You can’t make up these stories. The other day I told you about two students who posed waving Confederate flags on the Gettysburg battlefield, along with a comment about purchasing slaves.
Yesterday a news story out of Colorado showed a group of students posing with guns and a Confederate flag as part of their prom celebrations.
Finally, we have the Maclay School in Florida, which decided to take their students deeper into the history of the Civil War with a reenactment that included the Confederate flag. Following a parent complaint about the flag, the school’s headmaster offered the following.
Maclay’s teachers are constantly seeking ways to deepen our students’ understanding of history. Project based simulations or hands on exercises are one way we help the students understand what history was truly like through experience and discussion. Our Civil War class this semester involved a reenactment of a battle complete with uniforms, flags, Nerf guns and in-depth discussions.
I do hope you weren’t drinking anything when reading that passage. Continue reading “Mamas, Don’t Let Your Babies Grow Up To Be Neo-Confederates”
I was a bit surprised when a couple of students on my recent Civil War trip attempted to purchase Confederate flags at one of the gift shops. Without giving it much thought I intercepted the students at the checkout counter and gently reminded them to think about the history that we had already examined as well as the talk on the history of the Confederate flag that I presented to the entire school. These students were not mean-spirited and perhaps it was just a case of boys being boys, but I did want them to do a little reflection before making the purchase.
Neither student made the purchase, but if it had been made I would have insisted that the flags be kept out of sight. I stand by this decision. I’ve said before that I wish gift shops were a bit more selective about the kinds of souvenirs they sell. It trivializes the history and the very ground, where so many Americans gave their lives. Continue reading ““Already Bought My First Slave” at Gettysburg”
There are a number of powerful images from yesterday’s concluding event in Richmond marking the 150th anniversary of the city’s fall and liberation. This one, however, stood out to me for a number of reasons. Whether intended or not by the individual waving what I believe to be a Third National Flag of the Confederacy, the image itself is open to interpretation.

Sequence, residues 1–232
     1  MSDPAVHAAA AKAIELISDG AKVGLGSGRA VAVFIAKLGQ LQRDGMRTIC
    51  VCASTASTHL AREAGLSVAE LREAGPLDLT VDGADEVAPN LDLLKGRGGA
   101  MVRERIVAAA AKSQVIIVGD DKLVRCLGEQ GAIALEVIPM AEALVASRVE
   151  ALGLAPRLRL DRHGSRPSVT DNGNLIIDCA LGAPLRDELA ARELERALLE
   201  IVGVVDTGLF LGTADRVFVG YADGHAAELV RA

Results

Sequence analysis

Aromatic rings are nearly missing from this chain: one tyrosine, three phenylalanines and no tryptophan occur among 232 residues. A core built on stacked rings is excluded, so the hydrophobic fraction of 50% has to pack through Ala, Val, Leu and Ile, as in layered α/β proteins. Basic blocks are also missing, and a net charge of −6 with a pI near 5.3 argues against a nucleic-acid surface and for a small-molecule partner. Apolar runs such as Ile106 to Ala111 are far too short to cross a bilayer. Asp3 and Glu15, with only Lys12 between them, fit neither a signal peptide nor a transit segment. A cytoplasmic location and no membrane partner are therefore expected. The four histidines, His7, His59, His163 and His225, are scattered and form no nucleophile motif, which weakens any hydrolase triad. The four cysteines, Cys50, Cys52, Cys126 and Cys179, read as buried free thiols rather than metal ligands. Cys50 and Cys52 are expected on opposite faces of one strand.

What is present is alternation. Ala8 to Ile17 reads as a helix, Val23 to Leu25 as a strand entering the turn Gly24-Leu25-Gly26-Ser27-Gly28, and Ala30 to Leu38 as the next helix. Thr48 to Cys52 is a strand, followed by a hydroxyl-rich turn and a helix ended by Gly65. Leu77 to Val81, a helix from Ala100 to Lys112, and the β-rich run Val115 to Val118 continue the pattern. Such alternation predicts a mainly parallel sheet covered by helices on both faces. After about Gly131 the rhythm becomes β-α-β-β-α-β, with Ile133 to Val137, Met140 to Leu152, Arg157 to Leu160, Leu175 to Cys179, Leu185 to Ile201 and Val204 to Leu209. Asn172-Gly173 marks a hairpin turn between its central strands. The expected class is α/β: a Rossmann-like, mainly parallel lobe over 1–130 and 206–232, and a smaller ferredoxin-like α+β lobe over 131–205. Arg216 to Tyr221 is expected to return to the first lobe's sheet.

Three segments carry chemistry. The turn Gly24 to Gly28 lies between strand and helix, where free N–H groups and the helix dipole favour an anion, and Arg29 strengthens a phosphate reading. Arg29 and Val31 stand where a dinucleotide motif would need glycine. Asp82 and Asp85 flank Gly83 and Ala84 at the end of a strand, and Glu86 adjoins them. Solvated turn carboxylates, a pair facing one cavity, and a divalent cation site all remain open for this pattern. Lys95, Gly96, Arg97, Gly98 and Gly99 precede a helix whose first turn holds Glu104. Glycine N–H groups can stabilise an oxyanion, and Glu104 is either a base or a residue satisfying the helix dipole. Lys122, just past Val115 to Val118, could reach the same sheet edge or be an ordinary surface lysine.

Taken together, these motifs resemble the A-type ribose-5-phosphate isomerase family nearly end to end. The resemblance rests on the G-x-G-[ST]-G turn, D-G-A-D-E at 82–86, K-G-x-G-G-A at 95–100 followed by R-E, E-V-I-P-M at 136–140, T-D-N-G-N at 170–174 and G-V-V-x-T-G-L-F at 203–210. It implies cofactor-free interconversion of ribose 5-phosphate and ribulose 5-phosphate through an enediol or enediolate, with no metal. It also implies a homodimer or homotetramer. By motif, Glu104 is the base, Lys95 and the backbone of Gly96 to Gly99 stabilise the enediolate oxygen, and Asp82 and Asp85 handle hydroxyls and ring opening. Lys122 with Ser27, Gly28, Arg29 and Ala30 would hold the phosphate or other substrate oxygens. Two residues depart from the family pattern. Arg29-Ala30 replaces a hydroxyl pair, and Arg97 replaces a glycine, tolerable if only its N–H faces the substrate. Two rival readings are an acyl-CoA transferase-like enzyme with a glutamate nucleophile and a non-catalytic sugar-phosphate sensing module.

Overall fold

At first glance it appears that the flag is being waved in defiance. If so, he stands alone as the color guard of the 22nd USCT and the rest of the men remain fixed on their front. An estimated five thousand people attended the ceremony at the state house, which marked the destination of the participants in this parade. This is the only photograph that I’ve seen of a Confederate flag anywhere along the route. The contrast between the marchers and the lackluster way in which this individual holds his flag could not be more apparent. The woman to his right takes no notice of him.
Should this individual’s actions be interpreted as an act of bravery or as the last gasp of the Lost Cause in the former capital of the Confederacy? Perhaps this display is not intended as a protest at all. Continue reading ““I Want to See Richmond””
While I am leading a Civil War battlefield tour this coming week for thirteen students another school group will visit Washington, D.C. to observe the Supreme Court in action. As many of you know beginning on Monday morning the court will consider the case of Walker vs. Sons of Confederate Veterans. The case essentially turns on whether the state of Texas has the right to control the messages on its vanity license plates. The SCV plate includes a Confederate flag.
I hope and expect that the court will rule in favor of free speech. Perhaps such a ruling will result in states doing away with vanity plates altogether to avoid these situations. The case makes for strange bedfellows as I find myself largely in agreement with H.K. Edgerton, though I would not be surprised to learn that he is not the author of this editorial. Continue reading “Freedom of Speech and the Confederate Flag”
I have absolutely no problem with the Virginia Flaggers voicing their position at the recent hearing in Charlottesville, Virginia over whether Lee-Jackson Day ought to be continued. However, I do believe that the residents of my former home deserve full disclosure. They ought to know who is coming in from outside the community to shape public policy. They ought to know who is threatening them with the raising of Confederate flags on private property in retaliation.
The Virginia Flaggers, including Susan Hathaway, ought to be honest about the people they freely associate with.
Over the weekend I shared a story about a billboard that was placed near the Edmund Pettus Bridge by a group calling itself “The Friends of Forrest.” The story about the billboard and the organization has received a good deal of attention over the past few days. The Guardian even sent a reporter to interview Godwin and other members and is definitely worth your time if you can stomach it. Continue reading ““The Friends of Forrest” Includes The Virginia Flaggers”